Before negotiations start, we need to know what we're asking for. That has to mean a General Election - that's the only way we can reach a mandate on a way forward. We'd have a minimum period of months (the earliest practical date would be early November) to debate, discuss, inform voters, who'll then be able to weigh up the offers by various parties.
I'm not going to claim we're out of the woods yet; there's a long way to go till the fruits of independence are laid bare. For starters, we're certainly not going to be spending that phantom £350million anytime soon (if it even proves to exist). But seeing people write off a historic opportunity on the basis of one day's events is absolutely crackers.
All considered, it's like watching your eccentric cousin trying to row out into the rough seas of the Atlantic, because he might have gotten angry at not fitting in or cross at some rule he objected to but had to follow. On the one hand you know he won't get very far, but on the other you realise with dread he might still drown in the waves.
I was born and raised in Boston, Lincolnshire, one of the most Eurosceptic areas in the UK and the town polled as most likely to vote to leave the EU in the entire country. These voters are my friends, my family and my ex-colleagues, and they aren't stupid - they're scared because their community has been neglected for decades and they feel powerless to change it.
I am hoping that the unbelievably idiotic standard Brussels response that the only answer to Europe's problems is more Europe will, after this week, be consigned to the dustbin of history. However, I fear that the blindness and deafness of the European ideologues that still populate the European corridors of power may well be total. That, by their actions and behaviour, they will convert what could be a temporary setback to a catastrophic unravelling of the whole European project. We shall see.
Do you know that the EU has outstanding, unfunded liabilities of around €340 billion? No? Maybe it's naive of me, but I just assumed that since we're voting in a referendum on whether or not to stay in the EU, at the very least, voters would have been informed about the organisation's financial operations.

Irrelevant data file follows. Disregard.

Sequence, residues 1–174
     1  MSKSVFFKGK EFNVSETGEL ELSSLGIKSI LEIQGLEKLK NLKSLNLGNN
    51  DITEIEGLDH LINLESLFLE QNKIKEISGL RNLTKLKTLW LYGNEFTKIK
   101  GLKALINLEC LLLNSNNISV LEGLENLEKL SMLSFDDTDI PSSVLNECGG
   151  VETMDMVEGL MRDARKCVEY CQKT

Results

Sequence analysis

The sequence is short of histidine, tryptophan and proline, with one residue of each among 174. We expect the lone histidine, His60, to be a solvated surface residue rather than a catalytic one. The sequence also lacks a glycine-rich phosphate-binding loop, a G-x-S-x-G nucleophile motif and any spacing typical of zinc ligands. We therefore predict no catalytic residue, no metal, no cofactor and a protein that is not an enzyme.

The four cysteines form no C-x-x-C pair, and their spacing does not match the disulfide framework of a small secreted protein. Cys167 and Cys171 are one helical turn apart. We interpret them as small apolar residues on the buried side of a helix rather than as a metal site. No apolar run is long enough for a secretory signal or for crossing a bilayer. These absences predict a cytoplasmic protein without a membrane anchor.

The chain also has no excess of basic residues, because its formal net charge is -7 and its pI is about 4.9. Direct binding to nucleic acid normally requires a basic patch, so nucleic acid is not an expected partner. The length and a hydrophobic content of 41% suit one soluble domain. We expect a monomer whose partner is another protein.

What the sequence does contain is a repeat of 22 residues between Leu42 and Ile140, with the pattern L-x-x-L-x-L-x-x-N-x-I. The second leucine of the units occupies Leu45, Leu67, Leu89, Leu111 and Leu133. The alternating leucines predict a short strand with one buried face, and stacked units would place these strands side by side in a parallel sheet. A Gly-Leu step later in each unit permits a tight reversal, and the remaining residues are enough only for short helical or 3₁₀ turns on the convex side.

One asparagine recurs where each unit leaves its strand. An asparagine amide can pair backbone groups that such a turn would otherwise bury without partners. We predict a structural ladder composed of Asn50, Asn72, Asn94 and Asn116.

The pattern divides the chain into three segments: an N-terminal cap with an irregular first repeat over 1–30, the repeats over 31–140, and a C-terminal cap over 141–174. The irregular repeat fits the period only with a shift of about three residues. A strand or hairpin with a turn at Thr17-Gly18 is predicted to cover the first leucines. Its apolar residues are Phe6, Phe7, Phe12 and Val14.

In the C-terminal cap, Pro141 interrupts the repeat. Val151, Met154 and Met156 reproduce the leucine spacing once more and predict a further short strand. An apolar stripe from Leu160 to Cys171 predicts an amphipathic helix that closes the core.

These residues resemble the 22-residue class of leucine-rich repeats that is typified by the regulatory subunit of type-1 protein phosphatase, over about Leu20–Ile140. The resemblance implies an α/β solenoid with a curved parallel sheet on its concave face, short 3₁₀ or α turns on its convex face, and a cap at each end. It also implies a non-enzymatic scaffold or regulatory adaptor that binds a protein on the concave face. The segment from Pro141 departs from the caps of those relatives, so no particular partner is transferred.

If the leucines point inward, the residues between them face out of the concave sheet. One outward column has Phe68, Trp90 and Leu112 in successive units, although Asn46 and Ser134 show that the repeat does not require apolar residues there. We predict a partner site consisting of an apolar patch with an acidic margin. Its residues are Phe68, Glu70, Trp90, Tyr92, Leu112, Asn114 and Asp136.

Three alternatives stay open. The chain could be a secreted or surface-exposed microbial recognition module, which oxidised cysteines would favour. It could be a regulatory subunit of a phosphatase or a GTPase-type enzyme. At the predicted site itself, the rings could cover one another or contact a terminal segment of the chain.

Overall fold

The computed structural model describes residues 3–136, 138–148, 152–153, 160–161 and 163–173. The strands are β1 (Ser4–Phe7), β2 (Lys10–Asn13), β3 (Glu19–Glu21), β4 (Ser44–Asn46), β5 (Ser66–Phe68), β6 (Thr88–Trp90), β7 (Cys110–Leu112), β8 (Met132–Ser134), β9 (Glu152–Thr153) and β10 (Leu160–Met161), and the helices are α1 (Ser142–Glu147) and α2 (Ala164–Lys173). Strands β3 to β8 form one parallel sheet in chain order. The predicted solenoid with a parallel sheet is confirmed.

Only someone wholly ignorant of Europe's past, someone who takes the immense prosperity, security and civilization we have enjoyed these past decades for granted, could welcome this imprisonment. With the forces of division in ascendance and the dreams of unity buried beneath the cell floor, the only door out would lead deeper and deeper into the prison. How deep? We dare not say.
As a mother of two and a long-time public servant I have real concerns about the pressures being placed on public services in this country; with growing class sizes, the lack of places at good schools, and excruciatingly long waiting times at my local doctor's surgery and A&E, I'm frustrated by the increased strain being placed on our services in this country as a whole. But I've remained mostly on the fence.
When it comes to planning to rebalance the British economy away from our dangerous, unproductive reliance on the financial sector, the model of German banking, with regional and local banks that fund and support small and medium enterprises for the long haul has a lot to offer. Of course we can also work with knowledge and skills from other parts of the world outside the EU, but by being already partners, members of the same union, the impetus for cooperation is stronger, the frameworks clearer, the funding available for cross-EU work ready for applications.